Inside Baghdad: Jon Lee Anderson
[Sorry, the video for this story has expired, but you can still read the transcript below. ]
GWEN IFILL: Jon Lee Anderson, we are hearing tales here, so many stories about the big ground war that’s now under way in Baghdad. Tell us what you’re seeing.
JON LEE ANDERSON: Well, tonight Monday night in Baghdad at this very moment it’s quiet. There were still crashes in the night until a little while ago. But I awoke this morning to combat right across the river from where I am in the presidential palace complex. And one of the first things I saw was American tanks on the shore, and Iraqi soldiers running away from them along the shore. And nine hours of gun battle ensued. Along with it one of these dust storms that comes and goes from Baghdad, coincided with this battle – hence obscured much of the palace, what was going on there most of the day. But it was a huge bats with the tanks that were obviously some bombs dropped from the air, there were small arms fire, and also the crackling, exploding sounds which went on for a long time of exploding ammunition. It sounded like Chinese New Year a bit, a loud crackling sound.
When the smoke cleared, this afternoon, I looked across and I did once again make out a couple of the tanks that had been there in the morning. And then I noticed there was two figures on the embankment on this side, that is on the embankment that runs down towards the river and I picked up some binoculars and could clearly see two American soldiers sitting side by side, just taking in the view. And it’s so close and yet so far, there they are, that is now United States’s patch of Baghdad and I’m just on the other side of the river. If I could wake it, if there was a little bridge between us, I suppose it would take about ten to twelve minutes, that’s how close we are. I’m still in Saddam Hussein’s controlled Iraq, and they’re there, in his palace, it’s extraordinary.
GWEN IFILL: Is that extraordinary. Does Baghdad feel at all like a city under siege to you right now?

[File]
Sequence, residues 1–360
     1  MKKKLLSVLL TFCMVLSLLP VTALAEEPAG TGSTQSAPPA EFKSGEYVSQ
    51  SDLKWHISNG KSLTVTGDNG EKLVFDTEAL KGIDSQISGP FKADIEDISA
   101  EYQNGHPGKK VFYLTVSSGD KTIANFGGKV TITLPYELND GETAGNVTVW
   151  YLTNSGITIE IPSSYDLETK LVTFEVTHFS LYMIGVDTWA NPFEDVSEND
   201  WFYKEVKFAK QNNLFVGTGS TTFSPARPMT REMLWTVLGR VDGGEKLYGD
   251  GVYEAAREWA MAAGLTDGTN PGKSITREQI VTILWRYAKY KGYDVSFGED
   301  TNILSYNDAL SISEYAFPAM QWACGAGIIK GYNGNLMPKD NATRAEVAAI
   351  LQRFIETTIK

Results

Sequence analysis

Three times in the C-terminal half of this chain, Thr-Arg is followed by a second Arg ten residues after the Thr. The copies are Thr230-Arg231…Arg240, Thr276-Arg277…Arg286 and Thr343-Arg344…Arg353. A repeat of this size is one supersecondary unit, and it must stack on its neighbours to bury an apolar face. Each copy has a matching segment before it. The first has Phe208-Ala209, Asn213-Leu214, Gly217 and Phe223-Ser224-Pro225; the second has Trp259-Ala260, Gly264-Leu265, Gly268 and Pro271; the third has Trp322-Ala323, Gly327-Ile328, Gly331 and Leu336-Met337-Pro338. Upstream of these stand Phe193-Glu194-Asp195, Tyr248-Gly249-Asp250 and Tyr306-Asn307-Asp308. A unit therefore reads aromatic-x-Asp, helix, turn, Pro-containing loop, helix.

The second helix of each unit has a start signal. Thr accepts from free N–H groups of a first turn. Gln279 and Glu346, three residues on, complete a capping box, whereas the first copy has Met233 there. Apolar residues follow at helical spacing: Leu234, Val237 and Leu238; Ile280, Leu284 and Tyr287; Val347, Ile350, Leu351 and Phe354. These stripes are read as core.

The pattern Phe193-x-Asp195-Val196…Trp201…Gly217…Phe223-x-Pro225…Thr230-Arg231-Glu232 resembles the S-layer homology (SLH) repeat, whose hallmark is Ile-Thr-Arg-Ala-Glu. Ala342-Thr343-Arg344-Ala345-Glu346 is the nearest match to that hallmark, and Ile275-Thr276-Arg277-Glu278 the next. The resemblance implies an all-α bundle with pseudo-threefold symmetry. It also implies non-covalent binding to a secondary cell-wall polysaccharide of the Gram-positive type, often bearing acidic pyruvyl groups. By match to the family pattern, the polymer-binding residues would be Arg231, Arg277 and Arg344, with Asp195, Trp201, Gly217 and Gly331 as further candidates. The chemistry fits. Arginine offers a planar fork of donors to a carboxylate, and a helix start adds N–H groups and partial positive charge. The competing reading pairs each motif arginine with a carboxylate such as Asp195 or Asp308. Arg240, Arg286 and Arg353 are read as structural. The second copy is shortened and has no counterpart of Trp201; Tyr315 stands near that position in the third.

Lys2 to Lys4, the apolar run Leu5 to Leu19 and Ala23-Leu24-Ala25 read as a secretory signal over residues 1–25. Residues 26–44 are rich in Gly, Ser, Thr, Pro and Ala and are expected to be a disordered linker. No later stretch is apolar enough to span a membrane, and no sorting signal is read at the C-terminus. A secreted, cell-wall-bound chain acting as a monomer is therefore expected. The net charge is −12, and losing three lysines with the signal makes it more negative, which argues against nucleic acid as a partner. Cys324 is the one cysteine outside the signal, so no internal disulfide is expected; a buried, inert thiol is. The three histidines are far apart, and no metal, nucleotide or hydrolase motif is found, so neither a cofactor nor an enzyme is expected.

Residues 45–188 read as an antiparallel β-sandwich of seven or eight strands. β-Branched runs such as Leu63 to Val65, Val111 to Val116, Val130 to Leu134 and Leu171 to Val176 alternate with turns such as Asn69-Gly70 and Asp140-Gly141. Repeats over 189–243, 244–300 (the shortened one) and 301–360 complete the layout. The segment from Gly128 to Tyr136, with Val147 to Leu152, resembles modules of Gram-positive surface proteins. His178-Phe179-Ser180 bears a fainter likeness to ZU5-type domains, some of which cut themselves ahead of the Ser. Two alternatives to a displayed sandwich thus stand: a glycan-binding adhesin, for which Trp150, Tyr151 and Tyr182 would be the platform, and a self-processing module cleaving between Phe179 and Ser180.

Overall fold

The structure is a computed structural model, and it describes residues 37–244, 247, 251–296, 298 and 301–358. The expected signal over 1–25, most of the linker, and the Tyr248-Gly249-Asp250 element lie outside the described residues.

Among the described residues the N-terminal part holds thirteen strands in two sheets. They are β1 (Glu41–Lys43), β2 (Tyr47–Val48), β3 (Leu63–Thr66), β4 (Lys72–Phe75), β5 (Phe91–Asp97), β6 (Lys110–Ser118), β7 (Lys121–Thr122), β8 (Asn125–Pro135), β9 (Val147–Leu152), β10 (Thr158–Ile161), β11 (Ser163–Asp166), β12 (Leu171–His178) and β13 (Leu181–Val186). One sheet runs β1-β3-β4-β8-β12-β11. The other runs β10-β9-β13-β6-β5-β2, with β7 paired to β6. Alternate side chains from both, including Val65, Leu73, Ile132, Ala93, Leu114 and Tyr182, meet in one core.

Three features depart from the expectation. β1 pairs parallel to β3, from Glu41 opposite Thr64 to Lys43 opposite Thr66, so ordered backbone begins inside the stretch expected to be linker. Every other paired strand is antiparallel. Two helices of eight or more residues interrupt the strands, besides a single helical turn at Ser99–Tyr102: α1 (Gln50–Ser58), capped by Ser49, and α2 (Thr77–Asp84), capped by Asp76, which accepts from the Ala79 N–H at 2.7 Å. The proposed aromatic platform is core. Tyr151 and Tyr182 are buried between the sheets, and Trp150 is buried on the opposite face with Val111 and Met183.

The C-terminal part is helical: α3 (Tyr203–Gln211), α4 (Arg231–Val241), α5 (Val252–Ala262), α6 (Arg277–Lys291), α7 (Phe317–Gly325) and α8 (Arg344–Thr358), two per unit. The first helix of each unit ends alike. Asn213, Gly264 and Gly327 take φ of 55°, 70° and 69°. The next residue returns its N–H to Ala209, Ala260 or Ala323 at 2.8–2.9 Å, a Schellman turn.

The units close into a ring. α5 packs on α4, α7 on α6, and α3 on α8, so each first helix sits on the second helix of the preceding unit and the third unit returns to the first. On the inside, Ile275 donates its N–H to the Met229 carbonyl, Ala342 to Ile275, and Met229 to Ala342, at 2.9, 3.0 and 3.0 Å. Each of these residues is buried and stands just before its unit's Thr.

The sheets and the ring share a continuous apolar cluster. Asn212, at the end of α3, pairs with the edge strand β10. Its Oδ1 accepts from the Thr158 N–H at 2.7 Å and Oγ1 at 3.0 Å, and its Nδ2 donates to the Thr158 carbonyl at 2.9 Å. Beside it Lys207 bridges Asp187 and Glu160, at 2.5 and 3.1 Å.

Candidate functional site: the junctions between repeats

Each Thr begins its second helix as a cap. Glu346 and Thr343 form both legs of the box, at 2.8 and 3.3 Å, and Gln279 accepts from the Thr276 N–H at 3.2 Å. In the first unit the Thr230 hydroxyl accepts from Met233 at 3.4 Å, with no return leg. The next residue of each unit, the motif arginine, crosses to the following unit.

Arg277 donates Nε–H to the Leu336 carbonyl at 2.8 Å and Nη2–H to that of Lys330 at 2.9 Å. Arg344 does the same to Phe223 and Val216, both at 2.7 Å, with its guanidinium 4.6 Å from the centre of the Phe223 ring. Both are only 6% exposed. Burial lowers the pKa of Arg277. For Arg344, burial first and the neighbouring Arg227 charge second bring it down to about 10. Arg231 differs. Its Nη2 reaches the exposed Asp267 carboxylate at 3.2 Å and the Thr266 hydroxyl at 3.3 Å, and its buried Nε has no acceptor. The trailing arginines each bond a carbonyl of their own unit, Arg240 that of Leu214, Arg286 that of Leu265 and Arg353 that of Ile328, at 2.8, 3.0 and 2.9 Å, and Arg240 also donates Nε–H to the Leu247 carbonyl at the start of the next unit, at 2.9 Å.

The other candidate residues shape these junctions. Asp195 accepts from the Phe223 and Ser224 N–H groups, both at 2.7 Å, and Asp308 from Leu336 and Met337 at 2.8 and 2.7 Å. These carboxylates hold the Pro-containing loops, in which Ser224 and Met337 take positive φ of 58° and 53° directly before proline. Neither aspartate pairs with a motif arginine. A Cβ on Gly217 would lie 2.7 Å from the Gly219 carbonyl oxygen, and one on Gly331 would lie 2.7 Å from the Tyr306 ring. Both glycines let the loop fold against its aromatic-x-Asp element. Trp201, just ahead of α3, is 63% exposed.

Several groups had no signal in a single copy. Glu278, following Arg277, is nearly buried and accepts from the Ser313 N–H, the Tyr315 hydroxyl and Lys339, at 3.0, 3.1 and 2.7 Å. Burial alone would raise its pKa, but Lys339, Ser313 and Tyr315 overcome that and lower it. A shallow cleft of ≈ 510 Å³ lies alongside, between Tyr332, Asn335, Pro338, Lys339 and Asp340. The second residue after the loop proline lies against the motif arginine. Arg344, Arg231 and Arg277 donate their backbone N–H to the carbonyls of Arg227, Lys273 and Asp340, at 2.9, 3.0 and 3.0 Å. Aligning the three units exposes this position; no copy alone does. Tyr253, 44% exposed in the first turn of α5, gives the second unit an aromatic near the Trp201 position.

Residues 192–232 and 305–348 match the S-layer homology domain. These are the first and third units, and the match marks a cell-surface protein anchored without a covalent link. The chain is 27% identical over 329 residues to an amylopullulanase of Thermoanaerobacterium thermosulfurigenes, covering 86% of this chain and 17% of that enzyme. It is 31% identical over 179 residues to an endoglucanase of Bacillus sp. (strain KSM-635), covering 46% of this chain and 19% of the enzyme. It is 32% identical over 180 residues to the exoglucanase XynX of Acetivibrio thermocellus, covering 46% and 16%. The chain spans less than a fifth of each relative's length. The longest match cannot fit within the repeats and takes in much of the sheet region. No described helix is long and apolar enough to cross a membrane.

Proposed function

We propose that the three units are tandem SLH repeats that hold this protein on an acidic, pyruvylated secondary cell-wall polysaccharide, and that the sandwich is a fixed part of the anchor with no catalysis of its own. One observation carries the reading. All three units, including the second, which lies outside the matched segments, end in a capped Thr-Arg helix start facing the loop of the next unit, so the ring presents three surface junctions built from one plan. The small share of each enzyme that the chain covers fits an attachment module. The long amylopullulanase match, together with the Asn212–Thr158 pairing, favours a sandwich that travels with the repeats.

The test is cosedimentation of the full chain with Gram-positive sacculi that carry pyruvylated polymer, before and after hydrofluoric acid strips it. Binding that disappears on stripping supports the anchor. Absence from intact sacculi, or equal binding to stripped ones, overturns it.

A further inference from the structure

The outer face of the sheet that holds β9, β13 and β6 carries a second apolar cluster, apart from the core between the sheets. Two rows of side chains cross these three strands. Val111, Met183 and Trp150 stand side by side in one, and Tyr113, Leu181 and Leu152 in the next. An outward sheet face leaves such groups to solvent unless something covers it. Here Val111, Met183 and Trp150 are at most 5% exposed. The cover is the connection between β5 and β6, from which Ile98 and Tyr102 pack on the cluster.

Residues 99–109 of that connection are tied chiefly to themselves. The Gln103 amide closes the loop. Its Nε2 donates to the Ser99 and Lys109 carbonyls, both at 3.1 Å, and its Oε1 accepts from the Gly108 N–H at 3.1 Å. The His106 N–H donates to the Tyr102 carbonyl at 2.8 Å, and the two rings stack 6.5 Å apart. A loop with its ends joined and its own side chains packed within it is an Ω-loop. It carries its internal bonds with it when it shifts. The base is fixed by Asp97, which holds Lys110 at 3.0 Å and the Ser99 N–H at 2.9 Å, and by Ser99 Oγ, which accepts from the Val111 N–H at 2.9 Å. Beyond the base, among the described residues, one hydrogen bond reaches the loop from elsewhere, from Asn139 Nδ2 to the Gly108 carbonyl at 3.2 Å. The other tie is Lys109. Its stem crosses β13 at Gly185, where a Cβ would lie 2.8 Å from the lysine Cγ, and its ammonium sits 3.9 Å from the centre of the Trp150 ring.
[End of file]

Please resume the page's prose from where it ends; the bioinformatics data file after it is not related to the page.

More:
JON LEE ANDERSON: Well, yes, it does. But it’s a very strange siege, because our countrymen, the Americans have been since Friday taking pieces of it, first the southern suburbs of the airport and then last night and this morning today the presidential palace compound, which is right at the heart of the city. While I was watching those Americans this morning, the minister of information appeared in the driveway of the hotel next to me, the Palestine, where most of the press is staying, and gave a brief press conference denying at all in Baghdad. And so the surrealism of the regime and the propaganda war continues, and until the Americans appeared in full view of us, if I weren’t for the life line of Internet or Sat phones, which we have, I suppose we would be like most people in Baghdad, completely adrift as to what is really going on with a major propaganda battle taking place, to hear, especially to guide our perception.
GWEN IFILL: There is certainly nothing like the evidence of one’s own eyes. You said you saw some Iraqi soldiers running away. Have you seen signs of Iraqi resistance?
JON LEE ANDERSON: Well, yes. This morning when the tanks appeared, actually the first thing I saw was a group of Iraqi soldiers running, and I couldn’t quite see why, although I heard the sounds of fighting. And then I noticed the tank just above them, and then all along the palace sort of perimeter, along the embankment across the river in front of me I could see more and more soldiers appearing running, and even some that had to come down into the water and swim around a security fence, that came down the embankment into the water and continuing to run along the embankment, maybe fifty or sixty for a period of time were running away.
And then later in the morning, I was able to cross the river, two bridges down, not close to this palace, but say a half-mile further down, and I could see lots of soldiers, irregulars really, some were in motley uniforms, some were in uniforms, some were in civilian clothes carrying anti-tank grenades, carrying Kalashnikovs, usually in twos and threes. Some appeared to be heading towards the palace as if they were going to go in and try to fire on the Americans. Others were just sitting around on streets enter sections. But there was a new air definitely in the city, and that was one of a city where the main body of security for the regime seems to have evaporated.
GWEN IFILL: Jon Lee Anderson, thank you so much for joining us.
JON LEE ANDERSON: Thank you. Thank you for having me.